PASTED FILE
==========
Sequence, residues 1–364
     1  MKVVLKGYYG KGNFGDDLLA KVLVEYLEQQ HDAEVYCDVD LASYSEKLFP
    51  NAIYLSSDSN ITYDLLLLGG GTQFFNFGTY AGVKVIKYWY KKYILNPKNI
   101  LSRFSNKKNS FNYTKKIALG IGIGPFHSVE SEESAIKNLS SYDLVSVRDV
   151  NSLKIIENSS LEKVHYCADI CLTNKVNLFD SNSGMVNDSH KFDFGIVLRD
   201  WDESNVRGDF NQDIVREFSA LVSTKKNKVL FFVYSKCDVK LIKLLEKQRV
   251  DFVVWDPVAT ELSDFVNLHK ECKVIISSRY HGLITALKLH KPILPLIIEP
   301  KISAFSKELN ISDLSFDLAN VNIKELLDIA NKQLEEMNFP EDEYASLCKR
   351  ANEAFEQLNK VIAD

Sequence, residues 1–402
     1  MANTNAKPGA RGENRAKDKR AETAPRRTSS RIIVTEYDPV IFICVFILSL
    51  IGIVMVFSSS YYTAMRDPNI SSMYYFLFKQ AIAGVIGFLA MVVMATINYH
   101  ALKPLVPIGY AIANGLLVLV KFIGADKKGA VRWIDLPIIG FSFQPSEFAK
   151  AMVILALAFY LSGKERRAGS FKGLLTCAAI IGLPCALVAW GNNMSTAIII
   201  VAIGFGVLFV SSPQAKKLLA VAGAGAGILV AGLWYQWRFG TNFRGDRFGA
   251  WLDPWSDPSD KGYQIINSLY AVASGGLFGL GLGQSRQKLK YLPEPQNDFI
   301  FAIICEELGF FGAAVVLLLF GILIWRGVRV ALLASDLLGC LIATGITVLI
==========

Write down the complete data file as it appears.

Sequence, residues 1–364
     1  MKVVLKGYYG KGNFGDDLLA KVLVEYLEQQ HDAEVYCDVD LASYSEKLFP
    51  NAIYLSSDSN ITYDLLLLGG GTQFFNFGTY AGVKVIKYWY KKYILNPKNI
   101  LSRFSNKKNS FNYTKKIALG IGIGPFHSVE SEESAIKNLS SYDLVSVRDV
   151  NSLKIIENSS LEKVHYCADI CLTNKVNLFD SNSGMVNDSH KFDFGIVLRD
   201  WDESNVRGDF NQDIVREFSA LVSTKKNKVL FFVYSKCDVK LIKLLEKQRV
   251  DFVVWDPVAT ELSDFVNLHK ECKVIISSRY HGLITALKLH KPILPLIIEP
   301  KISAFSKELN ISDLSFDLAN VNIKELLDIA NKQLEEMNFP EDEYASLCKR
   351  ANEAFEQLNK VIAD

Sequence, residues 1–402
     1  MANTNAKPGA RGENRAKDKR AETAPRRTSS RIIVTEYDPV IFICVFILSL
    51  IGIVMVFSSS YYTAMRDPNI SSMYYFLFKQ AIAGVIGFLA MVVMATINYH
   101  ALKPLVPIGY AIANGLLVLV KFIGADKKGA VRWIDLPIIG FSFQPSEFAK
   151  AMVILALAFY LSGKERRAGS FKGLLTCAAI IGLPCALVAW GNNMSTAIII
   201  VAIGFGVLFV SSPQAKKLLA VAGAGAGILV AGLWYQWRFG TNFRGDRFGA
   251  WLDPWSDPSD KGYQIINSLY AVASGGLFGL GLGQSRQKLK YLPEPQNDFI
   301  FAIICEELGF FGAAVVLLLF GILIWRGVRV ALLASDLLGC LIATGITVLI